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Canoe Cart Advice

I am in the market for a portage cart that will allow me to move my Mad River Explorer 16'. Many of my paddles are solo and it is difficult to pack my boat by myself. Most of my launches are from a boat ramp, so a "cross country" portage is rare. Also, I might become even more lazy, will it work on a 12' Tsunami?

Would appreciate some feedback and advice!

Thanks,

Rob
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Comments

  • First things first
    -- Last Updated: Jun-23-13 10:31 AM EST --

    My first question is why you need a portage cart. To you it might sound like a dumb question, but I often see people who don't know how to carry a canoe, so until we know more, that seems like a possibility here. A canoe that weighs 75 to 85 pounds is fairly easy to carry if you know how, but darn near impossible if you don't. On the other hand, you could be getting on in years, or you could be dealing with an injury that never healed properly, in which case a portage cart would make perfect sense. I thought it would be good to know whether applying the right carrying technique MIGHT be a simple solution. And if not, let's talk about carts!

  • Wat Guideboatguy said...
    -- Last Updated: Jun-23-13 11:43 AM EST --

    But iffin' yer go fer a cart, dis be wat ah' rarely use (ah's still mostly carry usin' a yoke). It wuz called de Canadian Boat Walker back in de day.

    http://www.llbean.com/llb/shop/68566?feat=sr&term=canoe%20cart

    FE

  • The right cart
    FE is pointing you toward the right cart. Its been sold in many versions over the last 30 years starting as the Swedish Boat Cart. The LL Bean version has a nice flat prop to keep the cart upright and from rolling away while you place the canoe or kayak or lumber on it. I have an earlier version and it has a simple kickstand that folds down for loading: not nearly as nice as the flat bar. Mine has almost 100 miles on it carrying everything from 35# Kevlar boats with gear to a 100+lb Grumman War Canoe.
    If you are really lazy, you can wheel right into the water loaded and just take the straps off with the canoe floating and pull the cart out from under the canoe. Regrease the wheel bearings with marine trailer wheel grease if you submerge the wheels.
    Elmo probably uses secret grease from the grey thing.
    Bill
  • center mount carts are easiest to
    handle.. end mounts still have you holding almost all the weight on the other end.

    That cart everyone loves is fine for around town portaging. It does OK on rocks and roots. Yes I have one.

    But it's wheels are too far apart for boardwalks and bog bridges and that's where I resort to simply carrying the boat as Guideboatguy alludes too.

    That "Swedish cart" also bogs down in sand; probably that is self evident.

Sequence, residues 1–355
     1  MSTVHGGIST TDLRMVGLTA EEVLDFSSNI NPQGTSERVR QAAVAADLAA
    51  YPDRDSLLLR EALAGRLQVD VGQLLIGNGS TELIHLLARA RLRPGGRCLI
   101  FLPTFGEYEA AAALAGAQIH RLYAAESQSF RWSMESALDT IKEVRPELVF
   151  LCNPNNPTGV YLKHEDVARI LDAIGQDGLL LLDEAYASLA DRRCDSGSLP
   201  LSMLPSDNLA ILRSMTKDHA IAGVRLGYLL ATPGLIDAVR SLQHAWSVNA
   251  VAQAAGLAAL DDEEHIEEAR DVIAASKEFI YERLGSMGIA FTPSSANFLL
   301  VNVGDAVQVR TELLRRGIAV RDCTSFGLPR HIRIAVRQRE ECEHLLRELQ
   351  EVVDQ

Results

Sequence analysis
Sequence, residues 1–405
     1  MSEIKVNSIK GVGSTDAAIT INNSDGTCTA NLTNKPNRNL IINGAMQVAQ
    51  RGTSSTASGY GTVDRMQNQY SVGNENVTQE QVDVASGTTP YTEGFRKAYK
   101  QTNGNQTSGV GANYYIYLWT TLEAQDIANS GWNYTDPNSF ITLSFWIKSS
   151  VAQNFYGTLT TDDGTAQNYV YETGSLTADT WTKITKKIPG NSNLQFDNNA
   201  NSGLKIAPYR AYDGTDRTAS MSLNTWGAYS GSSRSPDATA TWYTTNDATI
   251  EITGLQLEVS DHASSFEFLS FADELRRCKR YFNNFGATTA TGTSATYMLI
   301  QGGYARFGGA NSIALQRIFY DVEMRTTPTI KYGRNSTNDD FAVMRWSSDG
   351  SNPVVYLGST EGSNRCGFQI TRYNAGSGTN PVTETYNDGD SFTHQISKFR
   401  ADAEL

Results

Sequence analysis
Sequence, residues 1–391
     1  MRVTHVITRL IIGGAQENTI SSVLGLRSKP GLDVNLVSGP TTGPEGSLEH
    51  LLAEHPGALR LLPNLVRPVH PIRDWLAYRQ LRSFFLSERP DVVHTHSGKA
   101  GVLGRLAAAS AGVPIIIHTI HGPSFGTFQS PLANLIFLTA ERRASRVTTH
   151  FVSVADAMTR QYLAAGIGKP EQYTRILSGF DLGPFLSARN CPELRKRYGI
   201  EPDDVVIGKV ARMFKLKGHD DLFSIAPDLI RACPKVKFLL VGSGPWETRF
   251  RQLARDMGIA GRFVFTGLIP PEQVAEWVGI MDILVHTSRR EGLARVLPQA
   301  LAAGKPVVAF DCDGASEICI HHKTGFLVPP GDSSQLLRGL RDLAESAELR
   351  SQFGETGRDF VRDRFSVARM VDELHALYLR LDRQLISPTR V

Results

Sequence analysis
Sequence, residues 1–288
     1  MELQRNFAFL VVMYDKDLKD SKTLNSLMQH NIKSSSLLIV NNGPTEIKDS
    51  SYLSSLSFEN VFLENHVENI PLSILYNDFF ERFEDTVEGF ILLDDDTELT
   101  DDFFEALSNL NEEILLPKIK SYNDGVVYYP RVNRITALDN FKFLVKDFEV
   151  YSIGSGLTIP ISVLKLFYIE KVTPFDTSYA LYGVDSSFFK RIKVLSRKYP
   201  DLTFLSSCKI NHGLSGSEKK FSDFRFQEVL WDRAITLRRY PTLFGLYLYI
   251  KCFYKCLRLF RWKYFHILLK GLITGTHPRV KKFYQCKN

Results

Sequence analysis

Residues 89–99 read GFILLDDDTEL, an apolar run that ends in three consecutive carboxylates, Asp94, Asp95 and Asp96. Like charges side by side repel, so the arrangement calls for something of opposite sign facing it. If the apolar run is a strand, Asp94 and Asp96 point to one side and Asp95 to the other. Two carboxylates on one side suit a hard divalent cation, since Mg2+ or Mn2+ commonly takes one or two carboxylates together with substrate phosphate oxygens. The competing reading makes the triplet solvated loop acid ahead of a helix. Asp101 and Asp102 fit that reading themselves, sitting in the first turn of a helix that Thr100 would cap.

So yes, tell us more.
  • Light duty and cheap
    If you're mainly going to be on smooth surfaces you can get by with the cheaper one shown in the link below. It comes with small tires ( 12" ) and they will hang up on roots and rocks if you take it on a trail. All of them need to be securely fastened for trail towing.

    http://www.amazon.com/Kayak-Carrier-Trailer-Trolley-Transport/dp/B00852QTIC/ref=sr_1_3?ie=UTF8&qid=1372073082&sr=8-3&keywords=canoe+cart

    Peter
  • LL Bean boat cart
    I have the same cart that Fat Elmo linked. I bought mine from LL Bean also, paid a few dollars more than other places, but you get Bean's lifetime warranty. I've been using it for a year and it works great. I live about 200 yards from a boat dock, so that's mainly how mine gets used. Just load up the gear and the 3 year old kiddo and wheel it all down to the lake. I use a bike lock and lock the cart to a power pole near the dock.
  • My experience
    I have used 2 borrowed centermount carts and had trouble with both. I was difficult to make them stay securly in place particularly on anything but smooth going. Even when secure they balked at tree roots ect. They would have been great on roads or paved paehs,but I don't canoe where carrys are like that.I bought an end mount one with tall fattish tires and it does fine in the rough. You do have to support one end of the canoe,but I carry the heavy stuff in a backpack and put the rest in the end the cart is on. I also use a shoulder strap fastened to the front end so my arms arn't supporting the weight.
    Turtle
  • Paddleboy Nemo
    works for me:
    http://www.amazon.com/Paddleboy-Nemo-Canoe-Kayak-Cart/dp/B0024QAPZ8

    I use it for my Vermont Tupper solo canoe and also my Hurricane Phoenix and Hurricane Skimmer SOTs.

    Loading on land: sit the cart next to the boat just aft of the center at an angle, and lift the boat stern first onto it.

    Loading from the water: put the cart with the front end at water's edge. Pull the stern of the boat onto the cart until it is sitting with the cart just aft of center.

    If you try to load it bow first, the cart will roll and you will swear at it instead of by it.

    Put a strap (I use just one) around the front bars of the cart and boat and tighten it securely. Some people use two. I use a long strap and tie the end around the front thwart of the canoe to keep it from slipping off.

    I just now got back from hauling my canoe up the trail from the canoe launch at Wekiwa Springs State Park up the hill to the parking lot. Washed out, uneven path, soft sand, some roots, no problem.

    The cart is supposed to come apart, and it does, but I don't do that anymore because it pinches the heck out of my fingers. I just throw it in the back of the canoe or SOT and it's ready to go when the paddle is over.
  • Thanks everyone!
    Great advice and I shall begin my search.
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